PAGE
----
All to say: Patience is required for all involved. Us with ourselves. Us with others. And by God's grace, others with us...If we can continue to love throughout the process and be lovable people towards others, never wavering in our commitment despite the negative/hurtful responses around us, time will heal many wounds. Probably not all. But hopefully many... 

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Just now, EasyE said:

I have two daughters. I treasure that they are girls/women. If they were to transition to men, it would be tough, even for me, to be frank. Though for some reason I think it is easier if the transition was FTM than MTF. Society seems to value men more. Of course, I am delighted to be my daughters' dads. I am not their mom or sister or auntie. And no matter how things turn out for me, I am still their dad (who wears a black skort and loves it). So this is really weird on my end, lol... 

 

I have two kiddos, both AFAB. My eldest has since come out as trans. When he had come out to us the first time, it was years ago via a letter he'd written and left out conspicuously. We probably didn't do the best, but I kept an open mind and told him to be who they are and do so without putting himself in a box. He'd not expressed any masculine tendencies, from dress to desires, then or after so we thought it may have been a "friend group thing" until much later.

 

It was harder to reconcile when I operated as a cis father, I didn't know anything and I didn't have the language or comprehension to understand what being trans or a parent of a trans kid even meant. Our gender journeys weren't exactly timed the same, but over the last year we've both come out officially in one way or another. I'd been coming to terms with me over the past few years quietly and over the past year it's been an explosion of learning, so I no longer struggle with the concept--even though my mouth will engage without the brain sometimes, misgendering/naming him. So, I still slip and I'm in the same boat as him! It's amazing how much we let the subprocesses in our brains get us through life and how often it causes grief.

 

As for @missyjo, keep going! Every day is a new one and another they come around. If not, it's day you get to be you and learn how to live the life you want and need to.

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On 6/10/2024 at 12:11 PM, missyjo said:

we love you if oh but not that

Well then they must not understand the True meaning of Love.  It's unconditional.  If there are 'conditions' it's not Love.

@missyjo I've gone through similar with some of my family members, BUT, regardless of how they react, accept or not, there was always a silver lining --

LIBERATION from the chains of secrecy and hiding and the ability to live as our True Self --- not everybody will accept us in our Journey but why should we live a cloistered life just because of others?  Now you can move forward (and in girl-mode!)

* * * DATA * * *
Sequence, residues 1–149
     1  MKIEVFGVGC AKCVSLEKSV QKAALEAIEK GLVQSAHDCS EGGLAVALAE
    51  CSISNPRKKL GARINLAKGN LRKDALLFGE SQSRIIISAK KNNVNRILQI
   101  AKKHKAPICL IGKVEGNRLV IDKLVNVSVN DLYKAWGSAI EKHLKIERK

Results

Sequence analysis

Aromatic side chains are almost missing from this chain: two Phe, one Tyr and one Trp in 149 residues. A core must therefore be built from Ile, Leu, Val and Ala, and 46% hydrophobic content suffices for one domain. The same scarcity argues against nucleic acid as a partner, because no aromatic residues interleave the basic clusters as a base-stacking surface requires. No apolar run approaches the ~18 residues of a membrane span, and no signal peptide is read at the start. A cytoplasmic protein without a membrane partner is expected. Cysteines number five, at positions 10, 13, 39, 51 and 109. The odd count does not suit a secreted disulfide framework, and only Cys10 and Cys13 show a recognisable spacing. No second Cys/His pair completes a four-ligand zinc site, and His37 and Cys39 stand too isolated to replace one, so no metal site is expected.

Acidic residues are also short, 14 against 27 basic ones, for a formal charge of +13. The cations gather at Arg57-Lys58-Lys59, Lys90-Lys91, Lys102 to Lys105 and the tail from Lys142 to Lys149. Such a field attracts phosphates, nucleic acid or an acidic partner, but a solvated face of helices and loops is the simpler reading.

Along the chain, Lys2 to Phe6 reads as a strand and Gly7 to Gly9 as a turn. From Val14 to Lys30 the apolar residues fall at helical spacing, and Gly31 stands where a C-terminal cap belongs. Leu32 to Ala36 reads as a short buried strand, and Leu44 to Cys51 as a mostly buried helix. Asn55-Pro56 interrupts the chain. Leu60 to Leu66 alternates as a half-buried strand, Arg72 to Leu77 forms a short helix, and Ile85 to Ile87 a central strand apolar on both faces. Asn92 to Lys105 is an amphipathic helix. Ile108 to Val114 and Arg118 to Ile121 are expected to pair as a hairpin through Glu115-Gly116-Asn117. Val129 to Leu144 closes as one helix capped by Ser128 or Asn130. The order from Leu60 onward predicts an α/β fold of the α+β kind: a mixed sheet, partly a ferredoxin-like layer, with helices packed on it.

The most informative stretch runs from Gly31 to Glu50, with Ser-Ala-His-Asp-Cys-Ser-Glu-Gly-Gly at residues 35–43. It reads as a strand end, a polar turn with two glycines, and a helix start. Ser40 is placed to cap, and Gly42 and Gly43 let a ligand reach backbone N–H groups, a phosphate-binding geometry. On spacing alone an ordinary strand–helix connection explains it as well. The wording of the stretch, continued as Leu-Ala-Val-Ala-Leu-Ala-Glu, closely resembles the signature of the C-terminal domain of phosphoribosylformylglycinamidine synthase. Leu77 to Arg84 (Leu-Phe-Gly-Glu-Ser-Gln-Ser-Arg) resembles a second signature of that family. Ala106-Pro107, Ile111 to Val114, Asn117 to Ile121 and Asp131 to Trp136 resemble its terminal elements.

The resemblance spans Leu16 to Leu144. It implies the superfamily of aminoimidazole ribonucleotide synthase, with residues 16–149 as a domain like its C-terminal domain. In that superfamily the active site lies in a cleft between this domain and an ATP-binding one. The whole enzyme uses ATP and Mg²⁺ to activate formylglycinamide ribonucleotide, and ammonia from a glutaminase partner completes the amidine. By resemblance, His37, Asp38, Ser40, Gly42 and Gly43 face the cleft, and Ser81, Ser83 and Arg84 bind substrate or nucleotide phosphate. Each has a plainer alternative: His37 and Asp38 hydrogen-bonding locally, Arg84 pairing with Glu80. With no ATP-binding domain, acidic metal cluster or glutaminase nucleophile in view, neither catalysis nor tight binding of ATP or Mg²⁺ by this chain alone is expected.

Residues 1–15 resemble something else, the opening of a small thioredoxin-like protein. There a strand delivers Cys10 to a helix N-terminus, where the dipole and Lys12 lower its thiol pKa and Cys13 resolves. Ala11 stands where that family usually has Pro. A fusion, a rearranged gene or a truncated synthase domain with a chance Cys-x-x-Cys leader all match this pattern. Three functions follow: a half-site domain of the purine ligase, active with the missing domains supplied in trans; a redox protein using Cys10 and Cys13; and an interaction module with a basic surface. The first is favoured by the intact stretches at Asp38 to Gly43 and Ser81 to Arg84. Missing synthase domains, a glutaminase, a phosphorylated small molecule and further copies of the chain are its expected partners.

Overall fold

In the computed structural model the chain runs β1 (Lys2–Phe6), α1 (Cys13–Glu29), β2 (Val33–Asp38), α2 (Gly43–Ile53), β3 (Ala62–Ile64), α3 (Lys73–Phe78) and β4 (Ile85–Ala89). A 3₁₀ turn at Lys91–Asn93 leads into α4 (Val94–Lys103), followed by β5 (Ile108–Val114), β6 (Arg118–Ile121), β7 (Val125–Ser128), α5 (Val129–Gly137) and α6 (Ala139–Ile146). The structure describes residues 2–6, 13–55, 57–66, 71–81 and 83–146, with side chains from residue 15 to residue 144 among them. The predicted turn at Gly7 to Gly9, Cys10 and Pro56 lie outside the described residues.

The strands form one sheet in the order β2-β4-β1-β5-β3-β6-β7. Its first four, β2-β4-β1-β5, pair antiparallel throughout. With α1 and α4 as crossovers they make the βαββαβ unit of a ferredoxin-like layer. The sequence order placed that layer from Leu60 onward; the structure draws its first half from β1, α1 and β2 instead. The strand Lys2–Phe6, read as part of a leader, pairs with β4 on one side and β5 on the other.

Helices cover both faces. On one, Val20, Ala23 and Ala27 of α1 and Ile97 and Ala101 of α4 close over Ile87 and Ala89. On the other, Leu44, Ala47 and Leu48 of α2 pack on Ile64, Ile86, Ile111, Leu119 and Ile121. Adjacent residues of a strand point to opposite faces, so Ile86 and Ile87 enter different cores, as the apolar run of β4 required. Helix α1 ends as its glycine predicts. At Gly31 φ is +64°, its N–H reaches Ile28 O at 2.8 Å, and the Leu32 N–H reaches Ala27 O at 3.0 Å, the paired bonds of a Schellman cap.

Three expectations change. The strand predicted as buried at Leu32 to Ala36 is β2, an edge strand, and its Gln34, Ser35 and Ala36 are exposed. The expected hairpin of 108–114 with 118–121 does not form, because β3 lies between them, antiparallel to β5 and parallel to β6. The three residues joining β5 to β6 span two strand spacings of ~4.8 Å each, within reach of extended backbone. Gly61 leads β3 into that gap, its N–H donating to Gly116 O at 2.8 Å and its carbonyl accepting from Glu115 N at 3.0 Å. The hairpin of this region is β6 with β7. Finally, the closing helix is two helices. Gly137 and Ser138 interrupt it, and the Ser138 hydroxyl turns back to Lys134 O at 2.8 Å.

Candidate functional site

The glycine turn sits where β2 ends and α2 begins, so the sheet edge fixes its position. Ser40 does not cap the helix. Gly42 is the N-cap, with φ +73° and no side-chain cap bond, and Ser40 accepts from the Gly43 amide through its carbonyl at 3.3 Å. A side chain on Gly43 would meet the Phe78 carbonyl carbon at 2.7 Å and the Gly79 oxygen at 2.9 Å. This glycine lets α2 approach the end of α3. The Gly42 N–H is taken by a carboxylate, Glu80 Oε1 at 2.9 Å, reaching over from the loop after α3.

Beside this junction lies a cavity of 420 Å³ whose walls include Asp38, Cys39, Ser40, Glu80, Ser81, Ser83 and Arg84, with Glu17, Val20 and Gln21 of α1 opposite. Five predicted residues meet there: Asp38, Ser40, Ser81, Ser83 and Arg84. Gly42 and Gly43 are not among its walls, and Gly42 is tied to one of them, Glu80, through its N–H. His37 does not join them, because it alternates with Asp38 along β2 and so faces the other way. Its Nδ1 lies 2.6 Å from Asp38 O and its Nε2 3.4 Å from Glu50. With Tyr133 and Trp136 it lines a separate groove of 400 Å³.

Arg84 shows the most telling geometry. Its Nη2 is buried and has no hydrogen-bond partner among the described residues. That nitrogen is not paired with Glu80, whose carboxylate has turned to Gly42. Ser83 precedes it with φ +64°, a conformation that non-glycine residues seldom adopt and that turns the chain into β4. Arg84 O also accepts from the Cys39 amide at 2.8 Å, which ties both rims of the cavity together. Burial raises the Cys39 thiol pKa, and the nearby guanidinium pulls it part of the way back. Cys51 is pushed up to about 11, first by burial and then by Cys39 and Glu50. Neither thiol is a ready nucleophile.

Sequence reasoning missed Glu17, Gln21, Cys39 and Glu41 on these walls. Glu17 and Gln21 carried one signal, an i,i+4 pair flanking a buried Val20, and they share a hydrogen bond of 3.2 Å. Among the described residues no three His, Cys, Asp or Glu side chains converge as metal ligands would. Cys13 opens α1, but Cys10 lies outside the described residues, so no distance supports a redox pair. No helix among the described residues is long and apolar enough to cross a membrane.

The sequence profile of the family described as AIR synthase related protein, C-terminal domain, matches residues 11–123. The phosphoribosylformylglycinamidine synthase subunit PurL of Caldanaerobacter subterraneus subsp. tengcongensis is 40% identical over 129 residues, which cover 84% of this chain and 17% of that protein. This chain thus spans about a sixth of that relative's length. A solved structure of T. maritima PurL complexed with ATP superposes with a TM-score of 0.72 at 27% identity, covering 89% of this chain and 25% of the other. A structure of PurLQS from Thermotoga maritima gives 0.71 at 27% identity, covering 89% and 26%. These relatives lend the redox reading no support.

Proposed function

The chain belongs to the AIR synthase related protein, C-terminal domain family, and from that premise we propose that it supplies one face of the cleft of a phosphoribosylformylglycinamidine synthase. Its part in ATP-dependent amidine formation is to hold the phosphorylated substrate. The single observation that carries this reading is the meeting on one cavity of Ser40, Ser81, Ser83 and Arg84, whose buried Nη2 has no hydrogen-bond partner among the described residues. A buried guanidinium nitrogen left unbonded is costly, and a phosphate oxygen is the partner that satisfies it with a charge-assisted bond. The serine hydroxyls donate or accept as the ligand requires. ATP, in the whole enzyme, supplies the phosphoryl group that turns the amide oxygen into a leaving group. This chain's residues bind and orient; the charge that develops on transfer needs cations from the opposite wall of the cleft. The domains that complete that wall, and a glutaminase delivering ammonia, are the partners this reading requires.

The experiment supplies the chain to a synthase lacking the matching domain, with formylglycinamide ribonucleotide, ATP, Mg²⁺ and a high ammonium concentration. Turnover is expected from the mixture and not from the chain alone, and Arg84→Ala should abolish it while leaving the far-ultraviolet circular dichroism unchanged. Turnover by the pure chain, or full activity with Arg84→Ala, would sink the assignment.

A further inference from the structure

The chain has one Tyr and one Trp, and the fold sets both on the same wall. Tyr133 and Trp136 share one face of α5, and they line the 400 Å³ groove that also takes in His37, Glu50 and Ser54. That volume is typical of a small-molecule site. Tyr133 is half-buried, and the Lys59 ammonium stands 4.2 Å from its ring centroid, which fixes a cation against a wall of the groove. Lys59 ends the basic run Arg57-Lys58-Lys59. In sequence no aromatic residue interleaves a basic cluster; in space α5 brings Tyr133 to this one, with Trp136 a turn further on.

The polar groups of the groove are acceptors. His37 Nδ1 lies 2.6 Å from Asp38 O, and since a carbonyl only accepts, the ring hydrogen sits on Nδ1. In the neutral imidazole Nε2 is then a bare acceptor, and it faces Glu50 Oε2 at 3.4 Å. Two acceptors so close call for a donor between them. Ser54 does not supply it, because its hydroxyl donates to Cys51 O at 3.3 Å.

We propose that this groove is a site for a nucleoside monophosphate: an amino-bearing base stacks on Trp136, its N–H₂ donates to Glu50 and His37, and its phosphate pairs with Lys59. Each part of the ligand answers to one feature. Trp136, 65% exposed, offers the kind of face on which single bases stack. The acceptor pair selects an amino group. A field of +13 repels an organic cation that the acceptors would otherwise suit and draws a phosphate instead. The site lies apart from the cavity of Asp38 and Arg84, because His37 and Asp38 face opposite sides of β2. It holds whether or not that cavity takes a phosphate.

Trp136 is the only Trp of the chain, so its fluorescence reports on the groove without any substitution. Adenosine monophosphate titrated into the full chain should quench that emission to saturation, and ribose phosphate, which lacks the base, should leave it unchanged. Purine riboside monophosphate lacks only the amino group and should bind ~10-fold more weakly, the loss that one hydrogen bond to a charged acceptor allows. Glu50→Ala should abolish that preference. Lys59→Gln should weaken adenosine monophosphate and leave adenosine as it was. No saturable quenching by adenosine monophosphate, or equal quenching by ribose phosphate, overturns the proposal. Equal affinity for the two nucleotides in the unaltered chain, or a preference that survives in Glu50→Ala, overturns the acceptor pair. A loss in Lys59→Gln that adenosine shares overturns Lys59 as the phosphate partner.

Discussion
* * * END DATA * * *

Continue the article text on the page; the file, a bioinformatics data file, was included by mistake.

I trust some (and hopefully ALL) of your family will eventually realize how much happier and complete you are as a human being and as a valued family member.  If so, then they will come around.


Deep breaths ...

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thank you friends

your kind encouragement helps n pray your pain is relieved soon

 

I believe they'd sooner or later tolerate or accept me, if they ever gave it a chance..but I doubt they shall...my eldest sibling tells me mom n he have no inclination to see me or be seen with me..naively I still think I'm thr same person just cosmetically different..but alas, I doubt they'll learn..

n I'm comming to terms with that..

 

oh well..thank you n hugs

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and the odd, sad part is mom still thinks I'm visiting this weekend, in boymode..as if I said nothing

 

oh well...time will heal or scar

 

hugs

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Just now, missyjo said:

naively I still think I'm thr same person

No one changes 100% and usually when change happens it's gradual. I have thought on this a lot. While my mannerisms and exterior have changed, my brain & personality aren't grossly altered. I may be softer, more bubbly, but I was always chatty and in general pretty logical. I didn't suddenly become a different person, that doesn't happen.

 

The thing about coming out is the other person don't see the small changes (usually) and they focus on the big change they can see. With cultural and religious indoctrinations as they are, people will react like they were doused with ice-cold buckets of water and their lizard brains engage. Yes you are asking the world to respond to you differently, but that doesn't eliminate the past.

 

There's a lot to this and it's unique for everyone, so I don't want to go off the deep end. I'm not vying for you to dump or try to reconcile with your family either and I'm probably preaching to the choir, but I wanted to chime that you're not alone. Your problem is specifically unique, but not generally and you've got this!

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  • Forum Moderator

I see others here have chimed in. It is a difficult journey you are going through and manty here relate and are here for you, will give experienced enhanced answers and gi=ve you support and affimation ALWAYS.

Hugs